Yengibaryan and Simonyan v. Armenia (Application no. 2186/12)

A selection of key paragraphs can be found below the judgement.


132. As to the circumstances of the use of force itself, there would appear to be a potentially significant discrepancy between the witnesses’ and the officers’ accounts of the distance between Mr Yengibaryan and A.A. at the time of the shooting (compare paragraphs 32 and 34 above with paragraphs 45 and 50 above). This may have had some bearing on whether the shot itself was proportionate to the risk then present. There further seems to have been no real discussion of whether the officers’ failure to recognise Mr Yengibaryan’s weapon as a gas pistol was reasonable in the circumstances. As a result, there remains a real lack of clarity about the precise circumstances in which the shots were fired.

133. On account of the failure of the investigator to explore all of the above issues, the Court is not persuaded that the investigation was capable of clarifying the facts so as to enable a determination of whether appropriate steps had been taken in order to minimise any risk to life and whether the force used was justified in the circumstances.

134. It is moreover apparent from the documents submitted and from the Government’s submissions that the applicants were not involved in the investigation, were not notified out its outcome and were not automatically entitled to see the decision terminating the criminal proceedings or consult the evidence file (see paragraphs 55-56, 65-69 and 74 above). The Government have not sought to deny that the investigation was not accessible to the applicants. Instead, they explained that this was because domestic law did not permit the next-of-kin to be involved unless and until it had been established that there was a “victim” unlawful act (see paragraph 114 above). However, the Court emphasises that Article 2 requires procedures applicable to the investigation of a death resulting from the use of force by the authorities to envisage the involvement of the next-of-kin (see the case-law quoted in paragraph 120 in fine above). In so far as this was not a possibility because of the way that the domestic law was framed (see paragraph 95 above), this is itself not compatible with the requirements of Article 2. It follows that the investigation was not accessible to the applicants to the extent necessary to safeguard their legitimate interests.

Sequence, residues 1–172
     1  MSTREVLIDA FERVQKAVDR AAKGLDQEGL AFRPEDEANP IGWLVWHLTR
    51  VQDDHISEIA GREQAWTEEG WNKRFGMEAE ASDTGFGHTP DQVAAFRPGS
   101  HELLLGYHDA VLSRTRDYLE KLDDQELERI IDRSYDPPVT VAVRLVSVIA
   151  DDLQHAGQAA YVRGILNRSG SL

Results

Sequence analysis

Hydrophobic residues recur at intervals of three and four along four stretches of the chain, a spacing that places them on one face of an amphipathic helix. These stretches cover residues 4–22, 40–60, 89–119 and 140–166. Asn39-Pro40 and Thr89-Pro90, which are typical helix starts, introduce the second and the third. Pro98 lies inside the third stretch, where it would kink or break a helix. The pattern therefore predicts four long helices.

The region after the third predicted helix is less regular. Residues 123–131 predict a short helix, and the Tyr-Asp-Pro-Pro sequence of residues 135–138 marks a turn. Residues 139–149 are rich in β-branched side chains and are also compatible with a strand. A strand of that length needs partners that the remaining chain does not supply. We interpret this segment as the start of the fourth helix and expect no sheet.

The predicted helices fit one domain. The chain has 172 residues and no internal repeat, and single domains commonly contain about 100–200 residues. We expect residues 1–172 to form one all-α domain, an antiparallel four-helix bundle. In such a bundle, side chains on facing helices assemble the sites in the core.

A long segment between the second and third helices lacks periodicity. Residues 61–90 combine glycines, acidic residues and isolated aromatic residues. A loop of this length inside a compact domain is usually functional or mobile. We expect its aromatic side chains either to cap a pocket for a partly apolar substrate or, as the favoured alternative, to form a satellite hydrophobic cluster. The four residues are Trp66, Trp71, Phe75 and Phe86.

135.  These reasons are sufficient for the Court to conclude that there has been a violation of the procedural limb of Article 2 in the present case. It is therefore not necessary for the Court to examine whether the investigation was independent and impartial (see paragraphs 109 and 113 above).


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